EXCELlent Series: 5 MORE Top Excel Tips for PPC Managers

After realizing how popular a topic Excel turned out to be on PPC Hero, I’ve decided to expand my top 5 Excel tips for PPC managers for our week-long series on Excel!  Excel is an invaluable tool for PPC management, and everyone ends up developing a personal style and tricks.  If you haven’t read the original post, here are my top 5 tips for PPC managers.  It included concatenate, vlookup, conditional formatting, character case changes, and find/replace.  So without further ado – the next 5 top tips for PPC managers!

6.) LEN is a great way to create your ad text correctly the first time.  As you know, you’re only allowed 25 characters for your headline and 35 for each description line and the display URL.  This is a pretty basic solution for PPC managers, but it’s a major time saver if you’re not already utilizing this when creating lots of new ads.  When you’re done you can just sort out any that go over your character limit and edit them accordingly.

7.) We’ve had lots of feedback from the first post regarding pivot tables, so for the tutorial part of this post, I’ll take you through creating one.  Admittedly, I don’t use them as much as I should, but they do help you to find information on virtually any piece of your PPC account to see how it’s performing relative to others.

For this short example, I’m going to take an ad report from one of our clients (the ads have been changed for privacy) and show you one example of how you could use a Pivot Table to understand how an ad test is going across all of the Ad Groups in one of your Campaigns.  You could do this for ads across several campaigns as well, or you can decide to use other areas of your PPC campaign.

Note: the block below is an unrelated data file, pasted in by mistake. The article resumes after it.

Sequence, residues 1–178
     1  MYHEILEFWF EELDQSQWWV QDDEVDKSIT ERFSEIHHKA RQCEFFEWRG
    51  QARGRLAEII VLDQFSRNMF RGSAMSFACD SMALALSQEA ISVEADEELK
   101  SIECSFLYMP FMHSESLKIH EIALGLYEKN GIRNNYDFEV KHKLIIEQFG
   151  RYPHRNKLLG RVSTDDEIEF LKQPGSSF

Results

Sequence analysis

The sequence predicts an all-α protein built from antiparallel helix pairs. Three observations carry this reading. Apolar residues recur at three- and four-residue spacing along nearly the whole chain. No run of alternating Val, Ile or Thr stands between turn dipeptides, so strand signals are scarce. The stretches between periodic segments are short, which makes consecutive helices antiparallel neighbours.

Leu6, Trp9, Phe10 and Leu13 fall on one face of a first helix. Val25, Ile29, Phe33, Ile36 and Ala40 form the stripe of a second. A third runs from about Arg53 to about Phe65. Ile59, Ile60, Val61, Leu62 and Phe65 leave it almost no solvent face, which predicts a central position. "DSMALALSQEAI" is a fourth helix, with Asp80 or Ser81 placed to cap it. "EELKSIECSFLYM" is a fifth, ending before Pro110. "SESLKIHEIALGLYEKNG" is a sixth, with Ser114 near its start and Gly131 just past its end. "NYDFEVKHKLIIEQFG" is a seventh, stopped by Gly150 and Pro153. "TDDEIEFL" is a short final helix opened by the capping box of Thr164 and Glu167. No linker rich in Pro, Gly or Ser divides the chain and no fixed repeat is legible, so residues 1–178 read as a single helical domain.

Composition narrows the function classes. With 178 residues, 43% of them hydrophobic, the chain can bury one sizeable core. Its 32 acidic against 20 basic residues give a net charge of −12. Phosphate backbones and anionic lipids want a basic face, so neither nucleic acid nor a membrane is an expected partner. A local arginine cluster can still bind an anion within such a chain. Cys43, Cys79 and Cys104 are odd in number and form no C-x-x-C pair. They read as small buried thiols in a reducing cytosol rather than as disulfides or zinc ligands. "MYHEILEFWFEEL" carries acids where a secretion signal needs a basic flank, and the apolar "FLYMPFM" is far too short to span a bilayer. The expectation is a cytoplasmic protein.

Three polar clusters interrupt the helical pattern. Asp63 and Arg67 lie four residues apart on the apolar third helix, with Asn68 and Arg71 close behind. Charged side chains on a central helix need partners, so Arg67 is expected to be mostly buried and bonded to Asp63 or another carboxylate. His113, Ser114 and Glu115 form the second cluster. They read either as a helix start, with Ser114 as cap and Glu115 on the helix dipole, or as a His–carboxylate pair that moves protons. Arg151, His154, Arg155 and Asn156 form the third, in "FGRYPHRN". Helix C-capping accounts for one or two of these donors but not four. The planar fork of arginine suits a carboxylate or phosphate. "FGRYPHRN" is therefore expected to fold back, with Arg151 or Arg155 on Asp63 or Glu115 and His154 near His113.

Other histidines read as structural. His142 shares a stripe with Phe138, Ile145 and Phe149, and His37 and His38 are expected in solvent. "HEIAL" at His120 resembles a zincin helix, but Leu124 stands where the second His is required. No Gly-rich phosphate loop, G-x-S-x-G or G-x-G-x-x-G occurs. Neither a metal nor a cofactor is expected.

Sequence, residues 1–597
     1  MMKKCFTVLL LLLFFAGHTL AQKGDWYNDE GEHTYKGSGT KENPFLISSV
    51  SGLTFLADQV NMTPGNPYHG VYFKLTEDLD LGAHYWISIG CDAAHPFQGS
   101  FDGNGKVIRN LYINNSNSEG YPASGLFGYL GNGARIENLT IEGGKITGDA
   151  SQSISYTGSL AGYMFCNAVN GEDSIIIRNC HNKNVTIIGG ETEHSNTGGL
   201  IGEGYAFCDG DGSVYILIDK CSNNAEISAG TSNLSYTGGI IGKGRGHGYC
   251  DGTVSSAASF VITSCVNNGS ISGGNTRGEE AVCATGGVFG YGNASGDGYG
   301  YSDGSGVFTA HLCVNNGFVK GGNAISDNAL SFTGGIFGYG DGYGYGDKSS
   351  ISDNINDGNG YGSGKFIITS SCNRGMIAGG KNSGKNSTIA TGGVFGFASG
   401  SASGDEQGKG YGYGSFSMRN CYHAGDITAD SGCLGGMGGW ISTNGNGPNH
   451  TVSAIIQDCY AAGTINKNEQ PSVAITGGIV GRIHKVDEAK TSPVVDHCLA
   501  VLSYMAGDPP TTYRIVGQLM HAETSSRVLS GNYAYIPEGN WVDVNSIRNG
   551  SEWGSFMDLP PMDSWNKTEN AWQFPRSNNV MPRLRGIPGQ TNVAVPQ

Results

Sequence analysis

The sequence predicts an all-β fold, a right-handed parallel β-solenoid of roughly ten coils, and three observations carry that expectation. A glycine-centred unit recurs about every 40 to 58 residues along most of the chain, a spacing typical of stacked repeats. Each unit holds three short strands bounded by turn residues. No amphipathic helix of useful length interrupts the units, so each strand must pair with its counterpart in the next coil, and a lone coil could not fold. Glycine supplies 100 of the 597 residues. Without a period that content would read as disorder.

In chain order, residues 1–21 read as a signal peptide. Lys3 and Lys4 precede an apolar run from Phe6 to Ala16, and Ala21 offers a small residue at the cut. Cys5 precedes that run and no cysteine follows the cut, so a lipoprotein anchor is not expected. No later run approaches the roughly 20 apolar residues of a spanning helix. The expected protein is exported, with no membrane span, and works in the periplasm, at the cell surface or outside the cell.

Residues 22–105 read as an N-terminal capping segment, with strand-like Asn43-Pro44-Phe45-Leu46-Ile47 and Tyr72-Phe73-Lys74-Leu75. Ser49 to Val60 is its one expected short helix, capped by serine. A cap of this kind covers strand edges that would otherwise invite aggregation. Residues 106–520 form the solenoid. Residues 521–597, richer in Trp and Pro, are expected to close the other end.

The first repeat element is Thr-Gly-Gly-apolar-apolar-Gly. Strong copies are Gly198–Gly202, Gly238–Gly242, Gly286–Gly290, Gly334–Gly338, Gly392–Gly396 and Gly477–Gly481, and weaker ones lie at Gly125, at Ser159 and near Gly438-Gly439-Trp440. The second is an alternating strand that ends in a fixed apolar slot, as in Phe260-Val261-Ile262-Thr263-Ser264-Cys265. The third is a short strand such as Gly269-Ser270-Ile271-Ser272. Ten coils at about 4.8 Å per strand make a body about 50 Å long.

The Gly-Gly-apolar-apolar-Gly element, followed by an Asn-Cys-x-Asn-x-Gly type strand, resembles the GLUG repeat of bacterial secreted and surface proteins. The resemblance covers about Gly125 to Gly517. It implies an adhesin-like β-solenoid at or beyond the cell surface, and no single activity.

First, note that the way you setup Pivot Tables will vary across different forms of Excel.  I am using Excel 2008 for Mac.  First, I highlighted my data and went to ‘Data’ in the Menu bar > Pivot Table

For my example, I chose the option “Microsoft Excel List or Database” to select data from the workbook that I have open.


Then, select the cells you want included in the Pivot Table.

Lastly, choose if this Pivot Table should be in your existing sheet or a new one.

I end up with a table like the one in the picture below.  From here, you choose which piece of data you selected you want to add to the table.  I chose to ad the ‘Ad’ data, so that I can analyze my total conversions and CTR from all of the ads.  (Note: I only have two ad copy headlines here, so they don’t immediately show up in the table).

Next, I want to calculate my overall CTR for each of these headline variations.  To do this, you should right click the table, and go to Formulas > Calculated Field.

In the box that pops up, you can name your calculated field, and select which factors should be included.  Here, I am using the impressions and clicks to come up with my overall click-through rate for both ad variations. Your new calculated fields will show up in the next column, then you just need to right click the column and format the numbers correctly (I’m using percentage with two decimal places).  Now you have your total click-through rate for all ads as well as the CTR for each variation.

From here, you can also choose to drag in conversion numbers or any other data that is relevant to what you’re doing.

8.) Charts with a secondary axis are especially useful for client reporting where you need to demonstrate one metric against another.  This is helpful to give a visual representation of what’s going on, and to help explain reasoning behind sudden metric growth (or decreases).